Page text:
“Good,” the woman said. “I’m going to go and come back with my wallet. My son keeps my money for me.”
Art sighed, nodding. He knew the time spent with the woman would end up with no sale. “I hope to see you later,” he said, taking off the bracelet.
“I’m sure you do,” the woman said, leaving.
Art huffed, packing up the bracelets, shaking his head. “Bitch,” he muttered, locking the cabinet. He turned to walk away, but something felt off. He felt his wrist and then looked at the counter. His watch was gone.
“Shit!” He snapped, running around the counter and heading toward the door.
Chico stood up and stretched his back between fans. He was exhausted from signing his name so much. It was beginning to get a little humiliating, but he needed the money. There wasn’t much work for an unemployed morning radio guy in his sixties.
“Chico,” someone said.
Chico turned back toward his table to sign another in a long line of autographs, earning himself another ten dollars. He was shocked by who had shown up. “BJ,” he said. “What are you doing here?”
There stood Chico’s former on-air partner, BJ, taller, fatter, and hairier than Chico ever was or ever would be. “I heard you were going to be here,” he said. “I live in the neighborhood, and I eat here all the time. I did before they burned down, I mean.”
“Really?” Chico said. “I went to high school with the owner.”
“Small world,” BJ said. The two looked at each other for a moment, unspeaking, the space between them endless.
“Look,” BJ said, “about what they did to you…”
“You should have stood up to management for me,” Chico said. “And I’m not talking about when we stood up to them on the air at their own insistence because Howard Stern was doing it.”
“How could I have?” BJ asked. “That prank you pulled… It was horrible.”
Chico scoffed. “They always wanted us to push the envelope,” he said.
“What did he do anyway?” Da’Quarius asked, walking toward the table. “I keep hearin’ ‘bout dis prank, but I haven’t heard what it was.”
“Who’s this?” BJ asked.
“Paulie’s nephew,” Chico replied. “There’s a whole cast of characters around here. Don’t ask.”
“Well, Paulie’s nephew,” BJ said. “Chico thought it would be funny to turn the music on low for a full half hour, making our listeners turn their radios up. Then, he turned it way up, playing car crash sound effects.”
Da’Quarius doubled over with laugher. “Holy shit!” he shouted, holding his stomach. “Dat’s fuckin’ great!”
“There were thirty-seven car accidents,” Chico said, “scattered across the state. Every one of them jumped on a class action lawsuit against the radio station. Three people died.”
“Oh,” Da’Quarius said, his laughter subsiding. “Dat’s kinda fucked up, Chico.”
Chico sighed. “I guess I shouldn’t hold a grudge,” he said. “I skirted the manslaughter charges, but I’m still responsible for three deaths.”
“Chico,” BJ said. “I know we can’t work together anymore, but I’d still like to be your friend.”
“I’d like that,” Chico said. “I missed bullshitting with you every morning.”
“Me too,” BJ sad. “The broad who replaced you is a shrill bitch too. I piss in her coffee mug.”
Chico laughed, and BJ joined in. They smiled at each other.
“Shit,” Da’Quarius said, walking away. “Umma go see if Paulie needs help before you guys start makin’ out an’ shit.”
They followed Da’Quarius with his eyes as he retired to the back. “Hey,” BJ said. “I got some eight-by-tens in my trunk. Mind a little company?”
“Not at all,” Chico replied. “We’ll draw a better crown with a reunion signing after all.”
Helen swung the door to Paulie’s Pizza inward. “The cures has been lifted!” she exclaimed, holding up a gold watch. Chico and BJ stopped their joyful conversation, watching her walk between the booths. Everyone in the pizzeria watched for a moment before going back to their meals and conversations.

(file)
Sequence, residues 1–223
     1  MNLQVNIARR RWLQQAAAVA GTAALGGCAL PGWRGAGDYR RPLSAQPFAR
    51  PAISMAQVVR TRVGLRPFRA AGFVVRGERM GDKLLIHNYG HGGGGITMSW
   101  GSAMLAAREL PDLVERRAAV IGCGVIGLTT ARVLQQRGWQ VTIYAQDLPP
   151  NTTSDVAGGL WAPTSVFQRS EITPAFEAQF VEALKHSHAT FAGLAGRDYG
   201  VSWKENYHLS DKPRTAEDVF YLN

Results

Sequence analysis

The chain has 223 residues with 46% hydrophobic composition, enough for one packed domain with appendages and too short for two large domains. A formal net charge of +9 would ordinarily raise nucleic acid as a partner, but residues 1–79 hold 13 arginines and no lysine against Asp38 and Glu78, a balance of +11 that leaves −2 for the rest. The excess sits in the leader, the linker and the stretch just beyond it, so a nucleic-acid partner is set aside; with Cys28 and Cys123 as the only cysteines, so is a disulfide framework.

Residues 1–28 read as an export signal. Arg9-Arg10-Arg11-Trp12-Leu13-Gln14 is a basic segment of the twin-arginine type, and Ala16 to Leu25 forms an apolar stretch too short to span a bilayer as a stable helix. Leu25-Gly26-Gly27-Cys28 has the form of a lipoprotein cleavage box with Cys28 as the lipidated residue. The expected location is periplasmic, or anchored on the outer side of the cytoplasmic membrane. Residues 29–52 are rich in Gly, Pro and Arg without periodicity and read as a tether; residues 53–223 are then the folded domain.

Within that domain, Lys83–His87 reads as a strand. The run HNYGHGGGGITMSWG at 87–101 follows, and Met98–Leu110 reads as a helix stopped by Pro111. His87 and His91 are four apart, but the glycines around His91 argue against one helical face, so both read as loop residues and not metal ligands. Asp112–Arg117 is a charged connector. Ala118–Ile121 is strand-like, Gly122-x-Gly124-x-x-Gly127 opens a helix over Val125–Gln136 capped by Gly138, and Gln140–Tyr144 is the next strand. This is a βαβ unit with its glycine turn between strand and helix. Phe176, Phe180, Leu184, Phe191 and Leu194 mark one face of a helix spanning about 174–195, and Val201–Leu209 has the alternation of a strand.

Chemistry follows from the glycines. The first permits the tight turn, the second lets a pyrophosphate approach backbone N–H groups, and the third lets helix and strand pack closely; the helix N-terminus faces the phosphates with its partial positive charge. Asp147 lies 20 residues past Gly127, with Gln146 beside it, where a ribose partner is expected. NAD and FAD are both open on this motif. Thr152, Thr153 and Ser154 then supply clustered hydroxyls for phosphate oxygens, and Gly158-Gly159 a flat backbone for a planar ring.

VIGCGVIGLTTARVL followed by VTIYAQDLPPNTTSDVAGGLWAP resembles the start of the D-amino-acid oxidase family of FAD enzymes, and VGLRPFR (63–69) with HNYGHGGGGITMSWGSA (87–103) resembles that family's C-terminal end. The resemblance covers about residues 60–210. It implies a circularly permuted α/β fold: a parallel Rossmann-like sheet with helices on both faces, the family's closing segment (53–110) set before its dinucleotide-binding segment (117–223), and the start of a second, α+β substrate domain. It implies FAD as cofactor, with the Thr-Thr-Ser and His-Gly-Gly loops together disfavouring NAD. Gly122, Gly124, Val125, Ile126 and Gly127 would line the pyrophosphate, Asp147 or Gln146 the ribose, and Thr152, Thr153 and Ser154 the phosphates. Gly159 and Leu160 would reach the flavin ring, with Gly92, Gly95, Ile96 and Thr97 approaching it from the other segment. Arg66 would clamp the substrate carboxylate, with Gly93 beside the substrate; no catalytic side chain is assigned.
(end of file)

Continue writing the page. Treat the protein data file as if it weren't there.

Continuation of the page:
“How’d you do it?” Da’Quaruis said, coming out from the back.
“She can’t tell,” Rose said.
“I stole a gold watch from a jew,” Helen said, smiling. “Curse is broken.”
“Wouldn’t doing that make you double-cursed?” Paulie asked. Rose shot him a dirty look.
“Nope,” Helen said, spinning the watch on her finger. “Reparations have been made.”
A family turned to watch Helen for a moment, a look of confusion on their faces.
“Let’s go sit and eat,” Rose said, leading Helen.
“Hot damn!” Helen said. “You rebuilt my favorite booth!”
“I had to have it for you, sis,” Paulie said.
“The place looks fantastic,” Rose said, looking into the new area with the tables and chairs.
“Thank you,” Paulie said. Alice came next to him, holding a pen and pad. “Oh, this is Alice, my new head waitress. She’ll be taking your order.”
“Fancy,” Helen said. “I’ll have my usual. Paulie knows how to make it.”
“The usual,” Alice said, writing it down. “What is that?”
“Well,” Paulie said, “my big sis has the same thing every time she -”
“Whatever she’s telling you is bullshit!” Tony shouted, rushing from the back. “Also whatever Sal tells you is bullshit too!”
Paulie sighed. “Can someone tell me what’s going on here?” he asked.
“Tony’s been getting upset every time I talk to a guy,” Alice said. “I don’t know what’s going on with him and Sal.”
“Nothing,” Sal said in his deep voice, coming from behind Paulie and making him jump. “I think we’re getting along very well.”
“I’m sure you’ll make something up,” Tony said.
“I’m ending this right now,” Paulie said, turning to face the three of them. “Tony, you are not to harass Alice in any way.”
Tony screwed up his face in though. “But what if -”
“Any way!” Paulie exclaimed. “Alice, you are not flirt with guys purposely when you know Tony can see.”
Alice looked taken aback. “But -”
“Do you deny you did it?” Paulie asked.
“No,” Alice said, looking away.
“Sal,” Paulie said, getting Sal’s attention. “You’re good. Tony, get along with Sal.”
Tony nodded, begrudgingly.
“Also,” Paulie added. “You are not to hit on any other members of the waitstaff.”
Tony looked offended. “But -”
“Period!” Paulie said. “This is a new era for Paulie’s Pizza, and we’re all going to get along here. Capeesh?”
Tony, Alice, and Sal all nodded and went back to work.
“Oh!” Paulie called after them, getting his customers’ attention as well. “And you’re allowed to sleep with one another either!”
“Madon,” Helen said. “You’re going to have your hands full with these stunads. The place looks great though.”
Paulie looked like he was going to be mad, but he started laughing. Then, the others joined in. “Dat waitress never took our order,” Da’Quarius said.